Fort Hood.

My prayers and thoughts go out to the community of Fort Hood today. I have dear friends that are currently stationed there, and they were on their way back to Georgia on leave when all of this happened.

There is a strange socioeconomic driver created by standing armies that this event throws into stark relief against the tragedy.

Maintaining a standing all volunteer Army requires that a significant portion of your population (about 1 in 100 Americans, currently) voluntarily agree to serve as soldiers (and associated combat support personnel).

In the 21st century, soldiering has become something for which very few people are fit. I have good friends, close friends, men of strong character and conviction, who have--for one reason or another--been unable to serve more than handful of years, even though they thought military service was to be their whole career.

I know others, of course, who are perfect for the career, but the number of men fit for military service and willing to serve is outstripped by the number of people the US military is told they need, and for which they are funded.

And as a result, we become part of a culture that runs recruitment commercials that ignore the premise of the military entirely. The Army is probably the worst offender. "Go Infantry: You might get Shot!" makes for poor copy, and so we get ads that either run directly counter to actual military culture ("Army of One" anybody?) or ads that mean very little ("Army strong!").

As a result, the Military becomes the way you get out of your small town, the way you pay for college, or the way you get out of your parent's house rather than the warrior culture which you join because you are wired up to fight battles in defense of your country.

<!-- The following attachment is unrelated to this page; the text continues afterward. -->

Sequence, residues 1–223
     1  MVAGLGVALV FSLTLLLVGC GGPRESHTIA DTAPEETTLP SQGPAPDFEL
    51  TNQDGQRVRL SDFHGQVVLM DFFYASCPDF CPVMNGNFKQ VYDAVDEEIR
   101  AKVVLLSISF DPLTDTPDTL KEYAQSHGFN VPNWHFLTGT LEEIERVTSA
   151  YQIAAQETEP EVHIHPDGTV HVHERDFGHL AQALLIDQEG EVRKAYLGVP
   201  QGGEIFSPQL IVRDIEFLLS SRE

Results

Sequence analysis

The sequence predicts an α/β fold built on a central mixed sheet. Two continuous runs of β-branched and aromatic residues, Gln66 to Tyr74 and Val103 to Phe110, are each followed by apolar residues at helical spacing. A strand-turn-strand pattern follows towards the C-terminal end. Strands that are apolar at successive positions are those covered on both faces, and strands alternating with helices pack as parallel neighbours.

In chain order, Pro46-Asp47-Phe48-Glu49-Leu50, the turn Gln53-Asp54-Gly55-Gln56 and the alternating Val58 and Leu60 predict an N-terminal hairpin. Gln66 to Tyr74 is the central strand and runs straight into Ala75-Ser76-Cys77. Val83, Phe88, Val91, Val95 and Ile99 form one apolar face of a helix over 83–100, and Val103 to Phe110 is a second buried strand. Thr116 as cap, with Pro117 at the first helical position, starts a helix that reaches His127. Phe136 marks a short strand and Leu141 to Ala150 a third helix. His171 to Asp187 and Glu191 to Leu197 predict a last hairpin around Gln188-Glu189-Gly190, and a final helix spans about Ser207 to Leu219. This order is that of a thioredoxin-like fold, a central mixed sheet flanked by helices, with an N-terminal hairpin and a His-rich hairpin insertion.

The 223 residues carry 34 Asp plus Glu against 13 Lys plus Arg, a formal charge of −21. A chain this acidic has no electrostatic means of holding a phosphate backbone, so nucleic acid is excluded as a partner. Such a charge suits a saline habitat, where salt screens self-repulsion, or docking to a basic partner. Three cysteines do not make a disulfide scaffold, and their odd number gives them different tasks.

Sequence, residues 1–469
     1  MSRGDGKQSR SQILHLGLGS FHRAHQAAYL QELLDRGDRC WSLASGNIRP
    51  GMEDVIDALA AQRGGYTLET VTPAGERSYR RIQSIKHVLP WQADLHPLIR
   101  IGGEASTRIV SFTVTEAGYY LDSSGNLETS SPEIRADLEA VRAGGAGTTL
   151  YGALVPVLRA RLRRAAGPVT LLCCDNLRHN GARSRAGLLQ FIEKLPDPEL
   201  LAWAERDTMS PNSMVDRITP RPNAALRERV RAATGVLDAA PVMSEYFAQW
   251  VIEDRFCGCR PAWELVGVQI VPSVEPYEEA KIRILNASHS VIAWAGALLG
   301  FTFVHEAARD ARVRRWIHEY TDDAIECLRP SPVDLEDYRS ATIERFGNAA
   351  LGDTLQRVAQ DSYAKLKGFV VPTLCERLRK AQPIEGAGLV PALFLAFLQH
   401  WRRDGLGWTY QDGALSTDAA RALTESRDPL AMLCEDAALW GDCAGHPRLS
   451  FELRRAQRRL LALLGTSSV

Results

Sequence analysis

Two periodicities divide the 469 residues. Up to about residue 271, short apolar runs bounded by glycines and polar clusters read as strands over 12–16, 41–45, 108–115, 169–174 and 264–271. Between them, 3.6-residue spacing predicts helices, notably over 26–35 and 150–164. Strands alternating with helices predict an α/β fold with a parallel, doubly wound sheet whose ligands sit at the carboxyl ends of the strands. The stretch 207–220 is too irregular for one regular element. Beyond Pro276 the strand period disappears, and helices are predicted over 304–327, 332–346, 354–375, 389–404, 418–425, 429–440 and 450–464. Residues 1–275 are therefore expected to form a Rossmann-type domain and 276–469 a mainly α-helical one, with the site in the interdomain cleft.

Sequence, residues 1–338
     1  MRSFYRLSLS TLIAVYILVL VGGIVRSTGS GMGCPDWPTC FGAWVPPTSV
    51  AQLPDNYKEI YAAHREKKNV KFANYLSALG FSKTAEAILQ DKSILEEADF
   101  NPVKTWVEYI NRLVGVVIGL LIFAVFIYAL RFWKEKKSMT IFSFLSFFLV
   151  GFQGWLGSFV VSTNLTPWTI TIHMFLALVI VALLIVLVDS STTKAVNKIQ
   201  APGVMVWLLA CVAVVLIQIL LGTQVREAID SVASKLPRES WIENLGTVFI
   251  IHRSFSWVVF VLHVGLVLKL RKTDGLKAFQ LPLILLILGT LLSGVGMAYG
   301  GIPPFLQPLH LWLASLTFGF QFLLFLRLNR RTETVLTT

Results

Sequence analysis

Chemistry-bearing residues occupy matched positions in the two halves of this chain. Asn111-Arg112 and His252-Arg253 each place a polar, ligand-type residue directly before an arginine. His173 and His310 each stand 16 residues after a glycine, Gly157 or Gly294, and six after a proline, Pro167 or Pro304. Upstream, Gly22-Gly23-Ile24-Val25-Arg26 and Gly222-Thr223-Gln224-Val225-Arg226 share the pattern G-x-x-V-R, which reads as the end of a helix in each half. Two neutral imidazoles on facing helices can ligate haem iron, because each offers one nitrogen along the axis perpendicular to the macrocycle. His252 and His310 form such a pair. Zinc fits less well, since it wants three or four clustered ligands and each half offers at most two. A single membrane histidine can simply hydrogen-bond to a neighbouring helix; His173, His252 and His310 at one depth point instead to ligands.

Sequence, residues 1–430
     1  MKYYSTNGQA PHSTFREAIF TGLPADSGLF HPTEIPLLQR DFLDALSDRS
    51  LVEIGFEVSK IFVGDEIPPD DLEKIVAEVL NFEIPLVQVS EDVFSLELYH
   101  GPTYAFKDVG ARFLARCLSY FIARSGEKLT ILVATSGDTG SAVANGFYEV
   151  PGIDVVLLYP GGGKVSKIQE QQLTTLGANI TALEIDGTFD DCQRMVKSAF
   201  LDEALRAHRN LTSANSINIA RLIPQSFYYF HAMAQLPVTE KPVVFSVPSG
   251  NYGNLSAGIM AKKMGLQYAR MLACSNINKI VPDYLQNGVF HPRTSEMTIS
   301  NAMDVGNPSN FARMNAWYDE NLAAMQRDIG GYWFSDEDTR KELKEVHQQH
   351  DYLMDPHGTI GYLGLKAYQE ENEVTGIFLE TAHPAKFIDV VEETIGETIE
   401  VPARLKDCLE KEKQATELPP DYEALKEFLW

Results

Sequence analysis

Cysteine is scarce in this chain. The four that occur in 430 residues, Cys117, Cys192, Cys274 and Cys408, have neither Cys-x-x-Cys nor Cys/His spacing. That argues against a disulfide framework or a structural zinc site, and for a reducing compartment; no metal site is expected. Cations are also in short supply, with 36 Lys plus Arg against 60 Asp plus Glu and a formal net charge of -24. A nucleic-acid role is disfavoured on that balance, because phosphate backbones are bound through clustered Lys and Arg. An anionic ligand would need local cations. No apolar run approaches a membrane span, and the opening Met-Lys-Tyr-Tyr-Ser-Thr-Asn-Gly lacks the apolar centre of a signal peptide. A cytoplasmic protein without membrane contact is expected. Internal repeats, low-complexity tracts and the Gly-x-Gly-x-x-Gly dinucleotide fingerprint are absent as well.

Let me be clear: I am not criticizing the military for this problem. I believe in the mission and goals of the United States Army, Navy, Marine Corps, Air Force, (and yes, Coast guard). Those organizations did not create this problem, we did.

We did it by funding the military beyond need and beyond sustainable amount, so that when they ran out of people who were a genuine fit they were forced to cast the net too wide. We did it by deciding that we need three million military personnel and millions of civilian contractors. We did it by signing up to play international policeman.

As a single example, we decided that the Global War on Terror meant we should invade Iraq. Now we have over 130,000 personnel there.

As a thought: if we had, instead, decided that the American military should invade our own domestic air transportation system, we could put a trained Air Marshall on every single commercial airline flight (all 30,000 of them per day) and still send 100,000+ people home to their families.

What happened in Fort Hood was tragic, unexpected, and entirely the fault of a single man. A man who has survived, and who will be tried for his crimes and hopefully receive a just trial and sentencing if he is convicted.

But it raises the question: how many people are pulled into the military for the wrong reasons, and are unfit for the assignments they are given?

Friday, November 06, 2009